We arrived at the lecture theatre, where there was a group of students and staff already waiting outside. Following a warm welcome of applause, Benedict began his lecture. In a conversational, yet clearly constructed address, he spoke without referring to any notes, sharing stories of the development of his current practice of artmaking. He walked us through his past as the most dyslexic boy his childhood educational psychologist had ever met. Yes, Benedict is very good at being dyslexic, and he illustrated why. We heard about a breadth of different projects of different mediums in different locations, not all projects about dyslexia, but all carrying the same dyslexic creative skill that Benedict embodies. He spoke of reversing the paradigm of medical and deficit discourse of dyslexia, a reclamation of language, the idea of memory as a cassette tape coil, and the virtues of 3D and visual thinking. We engaged with a Q&A, in which I was so engrossed that I did not take notes and therefore cannot recall the topics of questions and answers, but I can tell you that they were so interesting that the conversation carried into a local bar where a group spoke into the early hours of the morning.

The following day the workshops, ​‘How to be a Dyslexic Artist and Other Stories’​, took place with attendance from neurodiverse attendees from throughout the whole school; staff, students, musicians, performance makers, tutors, lecturers. Benedict, fully donned in his ‘​Grey DIV’​ get up, moved through facilitating the group to create their own character that simultaneously embodies their neurodivergent identity and reverses the medical, deficit paradigm commonly assigned to dyslexics. The group were led on a process of generating text and wearable sculpture to create these characters which were to be captured through a short moment of performance and photography. Given A0 sugar paper of different colours (allocated via paper airplanes, flown to them at random) and tools to create their unique paper outfit, each individual manipulated and adorned the paper in unique ways and created a moment of performance, which they could further develop in their own practices.

The aftermath of the workshop was a visual delight, a papery mess of discarded costumes which in itself became a new sculpture; a collaborative sculpture, a temporary sculpture soon to be recycled. And soon enough, that was that and all our plans were achieved and it was time for Benedict to leave the Conservatoire and Glasgow. He got a taxi from the rank and began his return solo journey.

BP​: The application to bring me to The RCS for Dyslexia Awareness Week was successful and, several months later, I arrived in Glasgow at 3 o’clock in the afternoon. By 5 o’clock the following afternoon, I was back on the train having presented ​‘How to be a Dyslexic Artist Other Stories’​ in its first manifestation alongside two workshops.

I have designed and delivered many workshops in the past twenty five years, with everyone from pre-schoolers through to architects and planning officers. My golden rule is to communicate clearly to people that they are very best resource, that it is their opinion, their creative ideas and their solutions which are at the heart of what I’m asking for. As national education policy moves away from the idea of learning and closer to the idea of training, it’s position becomes further from the idea of independent thought and, in my interpretation, closer to the idea of the individual as a mere facilitator of external knowledge. Further and higher education however, still provide support and the space to develop independently delivered outcomes.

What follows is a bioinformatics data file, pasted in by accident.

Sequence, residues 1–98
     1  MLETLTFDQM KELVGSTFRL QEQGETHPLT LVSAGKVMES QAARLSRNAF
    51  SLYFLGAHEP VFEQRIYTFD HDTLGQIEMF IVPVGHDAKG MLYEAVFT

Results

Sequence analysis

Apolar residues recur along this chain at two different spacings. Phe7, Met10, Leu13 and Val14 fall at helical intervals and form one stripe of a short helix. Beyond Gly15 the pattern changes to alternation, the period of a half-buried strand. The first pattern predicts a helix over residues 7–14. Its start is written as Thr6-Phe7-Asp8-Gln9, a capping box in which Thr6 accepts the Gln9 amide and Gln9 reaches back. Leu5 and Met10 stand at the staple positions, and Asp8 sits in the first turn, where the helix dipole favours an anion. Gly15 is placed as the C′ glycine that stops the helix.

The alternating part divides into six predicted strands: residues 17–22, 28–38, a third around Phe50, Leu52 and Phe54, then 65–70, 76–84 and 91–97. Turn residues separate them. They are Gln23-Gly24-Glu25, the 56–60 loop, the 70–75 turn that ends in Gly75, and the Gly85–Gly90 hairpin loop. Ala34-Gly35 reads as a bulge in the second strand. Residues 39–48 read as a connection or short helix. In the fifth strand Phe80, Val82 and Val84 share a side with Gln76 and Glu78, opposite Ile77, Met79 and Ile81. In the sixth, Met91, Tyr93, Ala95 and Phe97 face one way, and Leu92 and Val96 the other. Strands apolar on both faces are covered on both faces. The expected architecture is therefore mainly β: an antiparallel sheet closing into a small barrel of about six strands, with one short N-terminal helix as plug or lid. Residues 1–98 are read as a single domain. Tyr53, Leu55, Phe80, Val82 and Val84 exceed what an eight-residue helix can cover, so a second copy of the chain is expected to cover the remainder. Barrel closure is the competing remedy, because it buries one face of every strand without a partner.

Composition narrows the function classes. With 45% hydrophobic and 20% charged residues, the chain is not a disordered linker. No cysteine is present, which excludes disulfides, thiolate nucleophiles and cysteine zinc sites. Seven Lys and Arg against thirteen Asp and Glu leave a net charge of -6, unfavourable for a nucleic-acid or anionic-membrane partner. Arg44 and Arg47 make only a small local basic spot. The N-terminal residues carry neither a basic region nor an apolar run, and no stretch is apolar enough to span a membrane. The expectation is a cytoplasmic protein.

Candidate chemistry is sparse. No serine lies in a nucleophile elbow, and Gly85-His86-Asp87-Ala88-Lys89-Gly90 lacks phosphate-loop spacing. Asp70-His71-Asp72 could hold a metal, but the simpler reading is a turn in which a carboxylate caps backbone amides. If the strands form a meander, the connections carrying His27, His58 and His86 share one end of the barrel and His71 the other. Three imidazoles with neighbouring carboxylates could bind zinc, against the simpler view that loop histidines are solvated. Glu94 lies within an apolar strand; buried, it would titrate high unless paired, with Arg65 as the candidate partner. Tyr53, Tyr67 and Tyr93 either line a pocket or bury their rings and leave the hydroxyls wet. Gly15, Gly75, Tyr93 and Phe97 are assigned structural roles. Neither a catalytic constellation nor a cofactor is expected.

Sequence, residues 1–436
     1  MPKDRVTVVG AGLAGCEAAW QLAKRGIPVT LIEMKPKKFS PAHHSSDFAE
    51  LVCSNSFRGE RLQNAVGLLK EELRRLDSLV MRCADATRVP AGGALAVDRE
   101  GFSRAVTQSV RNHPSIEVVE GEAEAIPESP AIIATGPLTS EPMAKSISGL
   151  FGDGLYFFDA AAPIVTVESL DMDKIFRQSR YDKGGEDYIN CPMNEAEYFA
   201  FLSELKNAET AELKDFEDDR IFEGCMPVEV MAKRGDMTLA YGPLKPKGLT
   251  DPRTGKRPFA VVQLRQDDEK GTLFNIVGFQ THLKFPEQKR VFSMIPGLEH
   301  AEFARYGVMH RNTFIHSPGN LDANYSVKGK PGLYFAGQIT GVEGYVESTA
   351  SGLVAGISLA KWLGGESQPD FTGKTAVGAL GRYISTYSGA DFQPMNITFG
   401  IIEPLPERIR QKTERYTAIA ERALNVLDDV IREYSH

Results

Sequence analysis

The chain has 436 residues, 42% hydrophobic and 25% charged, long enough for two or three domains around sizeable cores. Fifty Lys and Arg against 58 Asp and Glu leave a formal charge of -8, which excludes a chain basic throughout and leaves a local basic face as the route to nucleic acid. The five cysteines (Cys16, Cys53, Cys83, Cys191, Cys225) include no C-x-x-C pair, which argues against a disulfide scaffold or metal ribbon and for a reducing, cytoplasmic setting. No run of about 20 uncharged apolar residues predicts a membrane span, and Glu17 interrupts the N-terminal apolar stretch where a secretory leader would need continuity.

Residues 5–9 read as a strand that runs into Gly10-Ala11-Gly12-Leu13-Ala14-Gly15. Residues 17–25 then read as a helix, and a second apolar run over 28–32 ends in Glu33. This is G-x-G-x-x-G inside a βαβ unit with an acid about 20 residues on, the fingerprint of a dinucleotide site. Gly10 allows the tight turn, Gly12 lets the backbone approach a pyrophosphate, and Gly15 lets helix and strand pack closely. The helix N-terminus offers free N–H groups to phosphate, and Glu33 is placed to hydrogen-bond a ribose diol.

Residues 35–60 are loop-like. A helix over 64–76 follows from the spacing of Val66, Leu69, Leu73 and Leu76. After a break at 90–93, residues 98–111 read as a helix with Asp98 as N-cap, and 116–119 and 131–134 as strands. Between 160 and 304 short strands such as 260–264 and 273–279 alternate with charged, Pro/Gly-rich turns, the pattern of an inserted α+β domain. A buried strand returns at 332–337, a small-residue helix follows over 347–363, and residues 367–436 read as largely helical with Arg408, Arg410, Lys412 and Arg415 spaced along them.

There is something clearly emotive and possibly even slightly dangerous about delivering a workshop around something which is so personal to the individual who leads it. Part of the freedom of taking on ‘The DIV’​ persona is to draw borders and lines around the personal experience to aid and support a rigorous process of reflection and expression. It is this idea of creating a persona to express personal feelings around experiences, to take not only the negative stereotypes presented by the world but the ones that we’ve taken upon ourselves, and turn them on their heads.

The workshop in Glasgow was an opportunity to develop a sketch of an alternative persona for the individuals who attended, in a workshop led by my latest iteration of the​ ‘DIV’​ persona ‘​The Grey DIV’​. We asked ourselves to think about those negative interpretations that we carry, and that we have been given all of our lives and to reflect on this. What happens to the message that describes us as ‘disfunctional’ or ‘in need of repair’ when we turn it on it’s head? Or when we look for words and forms to create a visual presence for something that hides within us?

Q.5 – Time to reflect on the work we have now done; what happens next?

AW: What happens next? That is a very good question to which I do not objectively know the answer. I am open to more collaborate projects, where we can continue the conversations and ideas we have begun to explore together. I’m interested in Benedict’s practice of performance for camera, as seen in ‘​The DIV (2005-2006)’​, and how this could be a methodology applied to capturing ideas from my own performance practice. I also aspire to continue to widen awareness of our neurodiverse student cohort at The RCS, where I study and work. I also plan on wearing the t-shirt that Benedict sent to me, which reads: ‘Everyone can be dislecksick, you just have to try harder’.

BP: How do we cover up, block and disguise our experiences? More importantly, how do we identify the differences and the strengths we have developed to help us navigate a rigid text-dominated world and share these bespoke techniques and journeys with others? Through playing. Through not knowing. Through digging down into ourselves. Through listening and talking and then making, the act of thinking through doing; this is new knowledge, this is our knowledge. You will not find it in a book – because we have not written it yet! Let’s do it again sometime…

Benedict Phillips is running the world’s first Foundation course in becoming a ‘Dislecksick Artist’ at The Tetley, Leeds from April – June 2019. Click on this link to apply and find out more

Read more from Aby Watson